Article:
The time is right for pharmacists to be included as part of community healthcare teams on MTM pilot projects to treat chronic diseases, according to the NACDS and the American Pharmacists Association (APhA). "As pharmacy education, training, and practice continue to evolve to a primarily clinical 'patient-centered' focus, pharmacists are gaining recognition from other healthcare professionals and the public as 'medication therapy experts,'" stated the NACDS Foundation and APhA's resource, "Medication Therapy Management in Pharmacy Practice: Core Elements of an MTM Service Model Version 2.0."
At Kerr Drug, pharmacists and technicians are encouraging medication adherence by "actively recruiting" patients to have their prescriptions placed in the chain's automatic prescription refill system, according to Gregory.
"Kerr pharmacists identify appropriate patients and chronic medications that fit well in an automatic refill program, and request the patient opt-in to the program. The program is effective for the right patient and not only provides a benefit for the patient, but streamlines efficiencies in the pharmacy with workflow, customer service, and pharmacy inventory management," Gregory said.
While automatic refill programs were introduced by mail-order pharmacies, many chains, including Kerr and CVS Caremark, are using automatic refill systems with a reminder message. "Automatic refills will increase adherence as measured by prescription claims, but it is not clear whether patients are taking all the medication sent to them. Concerns about potential waste should be balanced by improvements in adherence," Gregory said.
Pharmacies' automatic refill systems and pharmacists' counseling of individual patients are just 2 of the ways that pharmacists are helping improve medication adherence globally. Already, several pilot projects and studies have demonstrated the value of pharmacists in medication adherence and MTM.
As recently as February 2011, a study published in the Annals of Pharmacotherapy found that pharmacists' counseling of diabetic patients can improve medication adherence.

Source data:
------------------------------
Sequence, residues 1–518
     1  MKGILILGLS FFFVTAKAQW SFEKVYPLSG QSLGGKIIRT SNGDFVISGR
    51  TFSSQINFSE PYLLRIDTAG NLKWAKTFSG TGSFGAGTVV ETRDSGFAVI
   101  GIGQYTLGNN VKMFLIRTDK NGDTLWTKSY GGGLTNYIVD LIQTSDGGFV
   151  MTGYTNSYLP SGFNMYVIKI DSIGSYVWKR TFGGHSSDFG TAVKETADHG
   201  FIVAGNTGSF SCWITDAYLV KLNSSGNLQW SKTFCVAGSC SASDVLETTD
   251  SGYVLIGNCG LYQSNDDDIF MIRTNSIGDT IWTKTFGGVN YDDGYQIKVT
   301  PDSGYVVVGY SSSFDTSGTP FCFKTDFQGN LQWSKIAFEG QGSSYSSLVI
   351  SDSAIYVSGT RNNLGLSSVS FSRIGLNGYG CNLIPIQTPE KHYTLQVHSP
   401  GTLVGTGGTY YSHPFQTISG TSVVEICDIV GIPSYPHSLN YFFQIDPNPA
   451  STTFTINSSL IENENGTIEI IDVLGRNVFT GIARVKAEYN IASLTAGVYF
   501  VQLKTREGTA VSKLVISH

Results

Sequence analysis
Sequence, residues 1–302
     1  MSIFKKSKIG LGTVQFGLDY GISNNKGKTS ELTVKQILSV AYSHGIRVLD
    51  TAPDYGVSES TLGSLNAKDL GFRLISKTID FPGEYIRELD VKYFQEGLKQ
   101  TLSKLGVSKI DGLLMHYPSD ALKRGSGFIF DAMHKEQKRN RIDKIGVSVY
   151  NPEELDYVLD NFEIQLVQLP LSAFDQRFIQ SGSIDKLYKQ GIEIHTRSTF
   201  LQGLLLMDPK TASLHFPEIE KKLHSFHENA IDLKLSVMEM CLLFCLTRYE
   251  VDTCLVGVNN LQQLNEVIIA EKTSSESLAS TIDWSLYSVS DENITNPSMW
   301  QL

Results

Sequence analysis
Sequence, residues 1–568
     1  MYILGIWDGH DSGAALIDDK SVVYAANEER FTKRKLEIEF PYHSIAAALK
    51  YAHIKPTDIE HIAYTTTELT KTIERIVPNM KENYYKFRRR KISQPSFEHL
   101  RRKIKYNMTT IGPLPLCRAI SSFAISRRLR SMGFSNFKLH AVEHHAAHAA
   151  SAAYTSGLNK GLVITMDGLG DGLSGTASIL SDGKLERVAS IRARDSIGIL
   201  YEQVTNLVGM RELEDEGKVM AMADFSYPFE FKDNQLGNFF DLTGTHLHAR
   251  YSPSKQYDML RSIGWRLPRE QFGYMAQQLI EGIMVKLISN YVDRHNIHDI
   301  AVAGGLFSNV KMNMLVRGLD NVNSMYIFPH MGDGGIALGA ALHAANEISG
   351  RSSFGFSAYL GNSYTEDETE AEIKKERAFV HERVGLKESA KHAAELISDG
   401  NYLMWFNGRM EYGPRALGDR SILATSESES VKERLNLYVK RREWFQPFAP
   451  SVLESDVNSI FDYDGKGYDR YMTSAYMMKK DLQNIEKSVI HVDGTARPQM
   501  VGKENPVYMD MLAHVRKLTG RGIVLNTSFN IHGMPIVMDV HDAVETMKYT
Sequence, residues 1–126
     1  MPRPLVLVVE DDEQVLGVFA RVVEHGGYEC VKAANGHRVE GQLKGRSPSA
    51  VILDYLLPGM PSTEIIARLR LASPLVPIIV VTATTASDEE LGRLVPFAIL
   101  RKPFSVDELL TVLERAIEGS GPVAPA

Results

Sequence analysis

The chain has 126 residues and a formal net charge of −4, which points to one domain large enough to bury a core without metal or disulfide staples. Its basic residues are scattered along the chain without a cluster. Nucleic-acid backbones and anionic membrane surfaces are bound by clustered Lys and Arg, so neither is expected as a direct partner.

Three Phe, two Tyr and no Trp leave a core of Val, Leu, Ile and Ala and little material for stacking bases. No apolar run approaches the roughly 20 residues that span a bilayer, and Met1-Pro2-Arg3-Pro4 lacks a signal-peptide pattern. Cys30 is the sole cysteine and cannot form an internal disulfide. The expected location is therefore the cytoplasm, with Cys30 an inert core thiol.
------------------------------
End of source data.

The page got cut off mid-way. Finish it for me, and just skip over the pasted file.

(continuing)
Researchers at the University of California, San Diego Skaggs School of Pharmacy and Pharmaceutical Sciences, La Jolla, Calif., surveyed 1,295 diabetic patients, most with type 2 diabetes. Most patients said that the counseling techniques that are "very" to "extremely helpful" are those that educate them on "taking medications as part of a daily routine" and "utilizing pill boxes."
In addition, the patients who correctly answered the questionnaire (n=268) listed the motivating factors that would help them properly take diabetic medications: "the knowledge that diabetes medications work effectively to lower blood glucose" (81.3%), understanding how they can manage the side effects of their medications (60.5%), and better understanding of the drugs' benefits (71.6%).
"These are all areas where pharmacists can become proactive and help our patients overcome barriers. We are in the best health profession to be able to provide that," said Candis Morello, PharmD, lead author on the study and associate professor of clinical pharmacy at Skaggs School of Pharmacy and Pharmaceutical Sciences.
However, the diabetic patients that Morello and her team surveyed said that doctors were the best health professionals to talk to about their medications (64.2%), above pharmacists (38.8%). "We still need to educate the public about what pharmacists are able to do, particularly in light of the MTM services that we are able to provide people," Morello said.